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Chicago Cheat Sheet: Wicker Park resi project draws ire, South Side church converts to condos…& more

Ald. Moreno and 1200 North Ashland Avenue

Ald. Moreno and 1200 North Ashland Avenue

Wicker Park neighbors cry foul over 16-story building’s approval
A 16-story apartment development approved in the 11th hour of Ald. Joe Moreno’s tenure is drawing renewed criticism from Wicker Park residents. On the last City Council meeting under Moreno and Mayor Rahm Emanuel, RDM Companies received a zoning change to allow the 168-unit building to rise 16 stories. The rezoning shocked neighbors, who say that development at Ashland and Division would make the area too dense. The development would neighbor a 33-unit apartment building and a 15-story rental complex. [Block Club]

Century-old South Side church being converted to townhomes
Hyde Park Capital has listed the first of 13 planned townhomes built behind the facade to the 100-year-old Shiloh Baptist Church. The church at 4840 S. Dorchester Avenue has been vacant since 2003, and Hyde Park Capital bought it in 2014 for $650,000. Only the church’s front-facing facade was saved, and condos in the building will be priced at over $1.1 million. [Crain’s]

Schaumburg’s longest-running retail vacancy to come to a close
A long-closed former Lowe’s store in Schaumburg will finally get a new tenant after nearly eight years. Interior decor retailer At Home will take 90,000 square feet in the vacant big box, and 24 Hour Fitness will lease 37,000 square feet. At Home will leave a similarly sized space in the Woodfield Village Green Shopping Center. The Lowe’s store opened in January 2006 and closed August 2011. [Daily Herald]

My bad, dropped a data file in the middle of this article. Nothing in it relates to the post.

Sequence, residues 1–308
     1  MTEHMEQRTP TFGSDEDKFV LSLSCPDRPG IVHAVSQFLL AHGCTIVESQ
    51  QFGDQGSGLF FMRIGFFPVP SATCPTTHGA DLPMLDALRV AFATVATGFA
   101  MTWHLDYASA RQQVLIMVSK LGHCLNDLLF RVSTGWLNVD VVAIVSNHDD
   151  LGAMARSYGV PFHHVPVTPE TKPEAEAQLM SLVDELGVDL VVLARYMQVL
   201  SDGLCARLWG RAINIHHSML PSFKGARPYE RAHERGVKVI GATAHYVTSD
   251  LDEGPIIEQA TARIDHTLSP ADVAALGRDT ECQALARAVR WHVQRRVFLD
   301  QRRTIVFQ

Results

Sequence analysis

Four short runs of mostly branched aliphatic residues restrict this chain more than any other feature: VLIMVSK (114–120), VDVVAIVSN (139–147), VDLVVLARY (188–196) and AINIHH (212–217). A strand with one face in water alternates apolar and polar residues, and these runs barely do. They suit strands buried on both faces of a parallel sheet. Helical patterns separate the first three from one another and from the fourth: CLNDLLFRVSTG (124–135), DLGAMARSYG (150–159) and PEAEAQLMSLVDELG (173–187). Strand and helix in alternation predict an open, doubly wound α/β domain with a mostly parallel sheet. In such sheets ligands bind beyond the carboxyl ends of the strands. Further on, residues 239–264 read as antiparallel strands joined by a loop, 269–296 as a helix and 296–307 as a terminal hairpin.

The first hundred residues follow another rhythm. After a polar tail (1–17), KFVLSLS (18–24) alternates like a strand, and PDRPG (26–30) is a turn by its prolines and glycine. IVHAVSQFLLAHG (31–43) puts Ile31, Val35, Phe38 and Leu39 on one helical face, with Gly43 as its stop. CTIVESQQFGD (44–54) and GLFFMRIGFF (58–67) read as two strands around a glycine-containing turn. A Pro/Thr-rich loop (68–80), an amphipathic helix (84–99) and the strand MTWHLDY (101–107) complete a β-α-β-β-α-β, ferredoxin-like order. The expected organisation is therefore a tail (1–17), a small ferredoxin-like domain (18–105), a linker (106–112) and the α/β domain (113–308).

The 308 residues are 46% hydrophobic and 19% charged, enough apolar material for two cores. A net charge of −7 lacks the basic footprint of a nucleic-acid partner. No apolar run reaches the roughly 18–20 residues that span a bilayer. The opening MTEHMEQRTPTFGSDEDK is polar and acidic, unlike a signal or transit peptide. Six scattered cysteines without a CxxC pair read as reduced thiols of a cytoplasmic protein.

UIC to unveil $100M Academic and Residential Complex
The University of Illinois at Chicago next week will cut the ribbon on its $100 million Academic and Residential Complex. The building, at the corner of Harrison and Morgan streets, will house 550 students and enough classrooms to house over 500 students daily. UIC is also working on an improved streetscape, since the building is across Harrison Street from the main campus. [Sun-Times]

Installation of smart water meters halted after heightened lead levels
The city has stopped installing new smart water meters in homes after finding that new meters have caused a spike in lead levels. City officials halted the program after discovering that 22 percent of homes with the new meters saw lead levels spike with 7 percent having levels above the federal guideline. Installations will be halted until the city determines the cause of the spiking led levels. [Curbed] 

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